“If there is an essential truism in typesetting, it is that a page contains no voids, only spaces between printed elements. The essence of typesetting is regulating the size of those spaces to control the balance and rhythm between black and white. This is the key to a graphically harmonious page—one with good type color—as well as to text that is pleasing and easy to read.”
—James Felici, The Complete Manual of Typography
Archives for June 2013
“Typography is known as an invisible art, because if a typographer has done a good job and produced a page that flows and is ‘easy on the eye’, he has done his job and the reader doesn’t notice. A page that is badly designed will be difficult and irritating to read. Whether you are reading in the office for work, or at home for pleasure, and no matter how interesting the actual content , if a book is uncomfortable on the eye then the enjoyment of reading is spoiled.”
—Jim Williams, Type Matters!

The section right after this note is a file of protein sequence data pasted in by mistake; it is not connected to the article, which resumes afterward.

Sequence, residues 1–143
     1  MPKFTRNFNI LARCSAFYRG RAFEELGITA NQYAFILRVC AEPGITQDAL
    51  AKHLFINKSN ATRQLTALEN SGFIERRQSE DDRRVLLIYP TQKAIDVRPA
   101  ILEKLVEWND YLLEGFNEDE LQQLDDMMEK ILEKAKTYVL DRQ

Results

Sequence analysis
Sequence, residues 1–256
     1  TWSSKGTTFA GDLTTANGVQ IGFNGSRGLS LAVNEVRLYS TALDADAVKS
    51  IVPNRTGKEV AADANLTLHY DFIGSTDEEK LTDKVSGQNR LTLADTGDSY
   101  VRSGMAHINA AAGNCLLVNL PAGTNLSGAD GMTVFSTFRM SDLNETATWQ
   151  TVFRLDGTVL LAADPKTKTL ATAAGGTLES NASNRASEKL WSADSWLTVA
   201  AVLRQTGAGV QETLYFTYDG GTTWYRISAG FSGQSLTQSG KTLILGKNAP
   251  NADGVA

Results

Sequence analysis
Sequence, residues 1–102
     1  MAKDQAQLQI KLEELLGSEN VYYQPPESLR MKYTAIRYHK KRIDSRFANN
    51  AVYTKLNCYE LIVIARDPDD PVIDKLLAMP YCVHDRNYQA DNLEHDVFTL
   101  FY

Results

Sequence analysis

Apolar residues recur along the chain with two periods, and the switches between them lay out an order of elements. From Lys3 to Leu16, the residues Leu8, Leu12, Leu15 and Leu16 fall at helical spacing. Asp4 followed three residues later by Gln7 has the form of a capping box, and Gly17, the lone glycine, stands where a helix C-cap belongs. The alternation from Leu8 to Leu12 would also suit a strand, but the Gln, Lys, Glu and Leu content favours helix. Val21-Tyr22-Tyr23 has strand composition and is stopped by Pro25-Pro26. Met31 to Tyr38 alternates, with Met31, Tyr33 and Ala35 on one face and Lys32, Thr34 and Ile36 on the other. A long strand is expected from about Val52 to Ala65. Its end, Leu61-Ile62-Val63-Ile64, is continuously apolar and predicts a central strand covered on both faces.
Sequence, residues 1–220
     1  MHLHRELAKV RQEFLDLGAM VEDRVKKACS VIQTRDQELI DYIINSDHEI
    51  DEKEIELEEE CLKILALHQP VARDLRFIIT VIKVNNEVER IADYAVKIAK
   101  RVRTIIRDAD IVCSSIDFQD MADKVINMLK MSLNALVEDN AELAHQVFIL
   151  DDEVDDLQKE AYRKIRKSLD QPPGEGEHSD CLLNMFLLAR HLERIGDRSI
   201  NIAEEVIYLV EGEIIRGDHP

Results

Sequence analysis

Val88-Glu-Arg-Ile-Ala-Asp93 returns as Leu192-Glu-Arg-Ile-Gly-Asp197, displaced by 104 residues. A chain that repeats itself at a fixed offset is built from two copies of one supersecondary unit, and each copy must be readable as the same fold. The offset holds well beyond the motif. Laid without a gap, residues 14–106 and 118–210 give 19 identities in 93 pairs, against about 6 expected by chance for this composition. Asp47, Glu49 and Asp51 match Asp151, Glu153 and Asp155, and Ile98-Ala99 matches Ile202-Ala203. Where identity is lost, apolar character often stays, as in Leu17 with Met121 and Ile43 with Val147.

“Beautiful type comes from attention to myriad tiny details. It’s built up a fraction of an em at a time, through hundreds of decisions whose geometry belies their gravity. It requires, as a colleague once wrote, a heart hardened against accusations of being too fussy.”
— James Felici, The Complete Manual of Typography
Hey everyone. Look. Responsive web design is many things including these three:
- Here to stay
- Super cool
- Perfect for many sites
However, responsive web design will not do many things, too, including these three:
- Make coffee
- Print money
- Walk your dog
Impossible, unbelievable, but true!
Like I said in my previous very very short post, wherein I was referred to as a troll, I might actually write something to do my part to curb the responsive web design enthusiasm syndrome, but for now, I just want to troll post this cartoon. Enjoy your day, really!
After you are done thinking about trolling me back in the comments, do stop and look at this great collection of responsive web design infographics and learn something cool!
“In a world rife with unsolicited messages, typography must often draw attention to itself before it will be read. Yet in order to be read, it must relinquish the attention it has drawn. Typography with anything to say therefore aspires to a kind of statuesque transparency. It’s other traditional goal is durability: not immunity to change, but a clear superiority to fashion. Typography at its best is a visual form of language linking timelessness and time.”
—Robert Bringhurst, The Elements of Typographic Style